3) Be consistent. A brand’s voice is not just its quippy tagline. It is communicated through every piece presented to your customers, from photography to packaging. It’s important for each aspect to communicate the same message, whether that’s irreverent and artisanal or clever and snarky. The clearer and more consistent a brand’s messaging, the more trusted the content. No one likes surprises, especially from a business they frequent. When you are thorough with every tiny detail, you are telling your customer you don’t cut corners and that you take their business seriously.
One example: On her blog, photographer Sarah Yates has gone to great lengths to present a consistent brand message from content to graphics to affiliate partnerships. In addition to her well art-directed photography, she maintains a very consistent voice and personality in her posts. She is also careful to associate herself with only bloggers and brands that complement her brand’s look and feel. This attention to detail presents a clear picture of what her brand’s about.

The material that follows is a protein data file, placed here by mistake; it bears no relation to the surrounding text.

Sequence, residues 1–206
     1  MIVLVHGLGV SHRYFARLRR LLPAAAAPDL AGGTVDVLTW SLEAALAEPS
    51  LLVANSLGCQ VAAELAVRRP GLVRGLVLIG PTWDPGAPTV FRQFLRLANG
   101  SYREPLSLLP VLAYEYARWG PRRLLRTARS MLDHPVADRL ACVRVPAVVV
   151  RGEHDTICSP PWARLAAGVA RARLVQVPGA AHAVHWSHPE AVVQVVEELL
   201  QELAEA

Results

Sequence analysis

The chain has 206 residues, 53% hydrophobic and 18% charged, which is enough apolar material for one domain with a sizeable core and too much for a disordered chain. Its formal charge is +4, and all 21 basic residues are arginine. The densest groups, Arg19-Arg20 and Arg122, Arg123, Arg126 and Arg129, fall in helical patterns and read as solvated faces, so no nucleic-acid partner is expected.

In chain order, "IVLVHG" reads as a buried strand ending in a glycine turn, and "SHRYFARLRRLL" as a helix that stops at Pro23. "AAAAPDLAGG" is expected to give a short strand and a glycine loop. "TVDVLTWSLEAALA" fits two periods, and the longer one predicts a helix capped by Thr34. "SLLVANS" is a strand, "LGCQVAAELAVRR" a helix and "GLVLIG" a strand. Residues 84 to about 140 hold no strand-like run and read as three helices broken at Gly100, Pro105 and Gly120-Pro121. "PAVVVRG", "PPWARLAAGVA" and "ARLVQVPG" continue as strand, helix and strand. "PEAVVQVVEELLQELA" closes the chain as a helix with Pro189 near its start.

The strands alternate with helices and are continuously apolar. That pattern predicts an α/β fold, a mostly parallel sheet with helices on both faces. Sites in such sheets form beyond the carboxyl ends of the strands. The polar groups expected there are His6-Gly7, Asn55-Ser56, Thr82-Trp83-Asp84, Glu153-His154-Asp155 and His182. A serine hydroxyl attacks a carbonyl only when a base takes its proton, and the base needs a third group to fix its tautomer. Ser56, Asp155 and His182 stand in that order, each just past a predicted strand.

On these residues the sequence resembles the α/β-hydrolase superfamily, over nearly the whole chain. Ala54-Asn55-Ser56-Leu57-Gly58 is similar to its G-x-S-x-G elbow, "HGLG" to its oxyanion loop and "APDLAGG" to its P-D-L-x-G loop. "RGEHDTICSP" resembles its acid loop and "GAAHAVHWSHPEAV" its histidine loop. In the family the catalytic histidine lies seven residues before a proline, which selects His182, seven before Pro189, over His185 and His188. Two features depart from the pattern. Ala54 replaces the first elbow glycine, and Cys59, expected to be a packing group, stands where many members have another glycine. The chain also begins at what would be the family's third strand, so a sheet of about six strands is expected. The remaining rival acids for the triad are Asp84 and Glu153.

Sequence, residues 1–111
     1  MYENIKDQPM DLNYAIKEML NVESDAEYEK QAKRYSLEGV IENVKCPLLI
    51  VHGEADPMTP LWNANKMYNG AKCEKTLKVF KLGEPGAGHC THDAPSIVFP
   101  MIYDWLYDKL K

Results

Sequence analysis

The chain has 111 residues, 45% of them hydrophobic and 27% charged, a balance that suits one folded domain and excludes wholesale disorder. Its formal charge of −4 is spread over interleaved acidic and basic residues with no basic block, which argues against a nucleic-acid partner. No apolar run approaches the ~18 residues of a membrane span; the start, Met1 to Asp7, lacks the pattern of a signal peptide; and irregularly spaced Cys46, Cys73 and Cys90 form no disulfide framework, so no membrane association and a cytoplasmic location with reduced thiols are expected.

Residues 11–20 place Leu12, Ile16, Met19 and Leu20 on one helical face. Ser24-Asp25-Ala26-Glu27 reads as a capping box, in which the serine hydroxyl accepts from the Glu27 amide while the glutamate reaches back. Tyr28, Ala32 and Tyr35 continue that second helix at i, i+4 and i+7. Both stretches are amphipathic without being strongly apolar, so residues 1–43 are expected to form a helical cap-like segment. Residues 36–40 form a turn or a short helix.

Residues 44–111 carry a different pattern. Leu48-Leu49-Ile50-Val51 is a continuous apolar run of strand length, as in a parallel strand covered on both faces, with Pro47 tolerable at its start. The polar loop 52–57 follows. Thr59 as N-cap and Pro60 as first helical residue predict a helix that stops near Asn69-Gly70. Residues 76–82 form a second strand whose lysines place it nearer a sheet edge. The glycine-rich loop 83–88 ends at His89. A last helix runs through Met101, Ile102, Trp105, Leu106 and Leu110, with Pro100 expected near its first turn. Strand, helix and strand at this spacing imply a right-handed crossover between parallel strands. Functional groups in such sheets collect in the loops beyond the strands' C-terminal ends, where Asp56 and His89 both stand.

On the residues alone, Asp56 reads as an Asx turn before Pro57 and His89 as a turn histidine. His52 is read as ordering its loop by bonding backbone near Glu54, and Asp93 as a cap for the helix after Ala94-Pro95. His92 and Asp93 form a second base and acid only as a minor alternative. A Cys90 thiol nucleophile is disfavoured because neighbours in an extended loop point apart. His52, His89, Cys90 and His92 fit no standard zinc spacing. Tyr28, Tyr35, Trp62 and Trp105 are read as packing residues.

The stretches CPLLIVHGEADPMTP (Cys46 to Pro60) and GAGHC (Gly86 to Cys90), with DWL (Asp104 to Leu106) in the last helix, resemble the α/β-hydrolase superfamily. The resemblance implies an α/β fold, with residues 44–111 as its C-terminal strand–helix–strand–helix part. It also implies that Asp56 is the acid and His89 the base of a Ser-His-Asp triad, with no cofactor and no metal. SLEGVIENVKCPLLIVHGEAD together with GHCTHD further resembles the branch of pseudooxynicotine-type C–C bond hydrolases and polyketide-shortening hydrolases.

4) Stay accessible. Whether it’s the way a CEO wears Vans and speaks casually on camera or the way a company’s Instagram stream somehow feels super personal, the more accessible a brand is, the more traction they’ll get from their audience. Consumers want the chance to get to know a brand.
I think fashion designer Emerson Fry does an amazing job at letting her audience in just enough to maintain a bit of mystery, while also making them feel like she’s the kind of girl they’d meet for brunch. She integrates active social media accounts into her approach, from debuting collections on Pinterest to simply keeping links to all her accounts in her main navigation, demonstrating that social media is not an afterthought. Her simple, poetic blogging style also feels conversational, personal and unedited. It’s these (important) little details that allow customers to get to know her and the brand. Sometimes that’s all it takes.